By the end of the course, students work in teams to develop a sustainability project for an existing company or a new entrepreneurial venture. The business initiative must create social value for all relevant stakeholders and society at large and show how it contributes to positive peace. All of the projects must be cross-functional in nature, so that students use the full spectrum of knowledge and skills that they have acquired during this course.
KROC 594 Community Advocacy, Organization, and Development (3 units)(Nguyễn; Spring 2023)
Communities are groups of people with shared norms, religion, values, or identity. They may or may not share the same geographical place. In general, community development is the process of discovering and activating individual capacities and assets, organizing them to build power and resources, and connecting them with larger institutions to devise solutions for community identified problems. Community development includes a wide range of issues that include housing, education, employment, business development, health, recreation, transportation, and other related issues. This course will focus on how organizers, advocates, and practitioners can help mobilize people and influence policy decisions to enhance community well-being.
Using the City of San Diego, California as a case study, this course will provide an overview of historical and contemporary urban policies and systems that shape the urban spaces and the people that live, work, and play in them.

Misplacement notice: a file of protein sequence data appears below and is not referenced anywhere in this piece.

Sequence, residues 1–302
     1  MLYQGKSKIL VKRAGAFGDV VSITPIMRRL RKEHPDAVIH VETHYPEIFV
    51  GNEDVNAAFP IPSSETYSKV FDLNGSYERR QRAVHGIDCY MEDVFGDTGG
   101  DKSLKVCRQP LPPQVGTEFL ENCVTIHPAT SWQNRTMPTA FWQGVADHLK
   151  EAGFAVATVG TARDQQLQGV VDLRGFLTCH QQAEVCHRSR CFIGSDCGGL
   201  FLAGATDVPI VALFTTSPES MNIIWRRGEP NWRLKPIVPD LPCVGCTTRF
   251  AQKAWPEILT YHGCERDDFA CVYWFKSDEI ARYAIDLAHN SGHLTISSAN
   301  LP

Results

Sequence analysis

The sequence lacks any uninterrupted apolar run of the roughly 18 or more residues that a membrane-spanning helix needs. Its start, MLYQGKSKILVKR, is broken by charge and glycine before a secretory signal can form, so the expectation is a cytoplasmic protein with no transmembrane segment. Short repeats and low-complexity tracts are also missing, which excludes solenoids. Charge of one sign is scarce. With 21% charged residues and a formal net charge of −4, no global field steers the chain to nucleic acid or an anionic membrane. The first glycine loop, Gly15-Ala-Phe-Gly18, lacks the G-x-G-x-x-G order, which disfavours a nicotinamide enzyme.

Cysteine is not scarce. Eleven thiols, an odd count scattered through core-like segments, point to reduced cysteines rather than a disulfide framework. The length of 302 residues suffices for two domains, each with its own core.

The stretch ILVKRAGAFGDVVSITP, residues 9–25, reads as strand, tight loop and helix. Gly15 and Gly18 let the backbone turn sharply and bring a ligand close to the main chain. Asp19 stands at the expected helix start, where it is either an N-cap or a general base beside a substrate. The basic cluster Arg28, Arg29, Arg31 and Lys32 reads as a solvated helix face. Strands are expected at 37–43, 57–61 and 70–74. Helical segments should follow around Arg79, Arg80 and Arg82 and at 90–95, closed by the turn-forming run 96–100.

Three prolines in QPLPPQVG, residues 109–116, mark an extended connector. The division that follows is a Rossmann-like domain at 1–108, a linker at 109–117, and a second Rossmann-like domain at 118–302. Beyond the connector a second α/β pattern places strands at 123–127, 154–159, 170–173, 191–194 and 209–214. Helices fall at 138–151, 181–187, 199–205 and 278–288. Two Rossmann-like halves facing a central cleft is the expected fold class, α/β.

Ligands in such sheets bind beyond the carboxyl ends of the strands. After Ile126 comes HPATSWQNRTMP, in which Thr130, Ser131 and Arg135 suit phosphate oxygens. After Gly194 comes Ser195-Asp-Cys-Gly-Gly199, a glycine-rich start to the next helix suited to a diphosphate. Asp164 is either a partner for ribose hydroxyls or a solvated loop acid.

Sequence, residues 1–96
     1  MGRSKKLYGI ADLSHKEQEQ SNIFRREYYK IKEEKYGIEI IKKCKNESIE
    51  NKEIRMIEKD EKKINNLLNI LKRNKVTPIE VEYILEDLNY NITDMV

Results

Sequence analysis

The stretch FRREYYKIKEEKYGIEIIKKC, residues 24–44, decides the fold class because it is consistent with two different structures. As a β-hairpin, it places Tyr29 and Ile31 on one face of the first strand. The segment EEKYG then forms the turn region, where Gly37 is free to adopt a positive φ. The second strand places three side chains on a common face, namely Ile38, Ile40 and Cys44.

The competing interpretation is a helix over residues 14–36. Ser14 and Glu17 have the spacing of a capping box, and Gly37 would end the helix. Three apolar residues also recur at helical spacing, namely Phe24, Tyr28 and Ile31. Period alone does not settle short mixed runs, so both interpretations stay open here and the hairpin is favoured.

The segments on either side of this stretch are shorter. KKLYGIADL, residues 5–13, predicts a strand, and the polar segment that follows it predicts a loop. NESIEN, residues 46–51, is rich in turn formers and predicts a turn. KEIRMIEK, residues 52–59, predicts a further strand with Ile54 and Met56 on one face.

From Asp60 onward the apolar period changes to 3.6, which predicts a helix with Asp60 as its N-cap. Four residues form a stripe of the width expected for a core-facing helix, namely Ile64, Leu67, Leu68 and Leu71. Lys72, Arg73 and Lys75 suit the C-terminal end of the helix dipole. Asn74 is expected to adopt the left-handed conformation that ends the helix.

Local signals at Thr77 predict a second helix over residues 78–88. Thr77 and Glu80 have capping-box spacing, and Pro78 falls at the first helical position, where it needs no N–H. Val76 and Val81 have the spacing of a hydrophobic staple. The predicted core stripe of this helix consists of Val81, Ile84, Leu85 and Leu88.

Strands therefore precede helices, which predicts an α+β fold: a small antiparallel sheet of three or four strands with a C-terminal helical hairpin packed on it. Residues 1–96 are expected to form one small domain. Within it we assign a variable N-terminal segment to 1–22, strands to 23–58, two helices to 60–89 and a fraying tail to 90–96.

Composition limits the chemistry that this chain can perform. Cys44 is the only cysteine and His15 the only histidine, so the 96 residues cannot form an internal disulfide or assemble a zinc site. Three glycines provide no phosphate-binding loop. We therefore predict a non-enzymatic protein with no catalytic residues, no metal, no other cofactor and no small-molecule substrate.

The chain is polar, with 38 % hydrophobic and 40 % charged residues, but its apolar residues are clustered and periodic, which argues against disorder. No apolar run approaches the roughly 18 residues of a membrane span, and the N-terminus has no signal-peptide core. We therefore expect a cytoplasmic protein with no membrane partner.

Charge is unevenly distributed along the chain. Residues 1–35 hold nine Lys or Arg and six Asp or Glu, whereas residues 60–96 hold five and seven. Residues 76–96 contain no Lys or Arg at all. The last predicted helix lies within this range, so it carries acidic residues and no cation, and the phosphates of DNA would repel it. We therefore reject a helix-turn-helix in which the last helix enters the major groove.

KROC 594 Values, Principles, and Practices of Restorative Justice (3 units)(Horrigan; Spring 2023)
Restorative justice is not a list of specific programs or a clear blueprint for systemic change. It is a theory, social movement, and set of practices that requires a radically different way of understanding and responding to individual and community needs. In this course, we will explore restorative justice and the ideas that form its foundation, question its strengths and shortcomings, examine restorative practices, and investigate opportunities to put theory into practice. We will learn together about the Indigenous origins of restorative justice and how it has been shaped by modern systems. We will think about a framework for conflict resolution that asks first who was harmed and thinks broadly about whose responsibility it is to right the wrong. We will then consider this framework as it applies to some of the most pressing social problems in contemporary society, namely racial inequality and gender-based violence. Students will conclude the course by facilitating a learning experience for peers on an area of interest in the restorative justice field.
KROC 594 Organizational Conflict (3 units)(Fryer; Spring 2023)
Healthy organizations have cultures that are conflict resilient. Similar to understanding and predicting weather patterns, it’s possible to recognize the dynamics present within organizations that carry the potential for conflict. Effective leadership at various levels within an organization are aware of this and have the tools and insights that help them resolve these challenges. Conflicts within teams often emerge when the external environment changes, the purpose or mission shifts, new ways of working are introduced or a dysfunctional structure or culture creates a toxic working environment. This course will engage with theoretical frameworks and introduce students to the lenses and tools and mindsets that will enable them to foster and support resilient workplaces.
The course will use teaching methodologies including case studies, lectures, and experiential learning approaches.
KROC 594 Project Design and Grant Writing (3 units)(Blum; Spring 2023)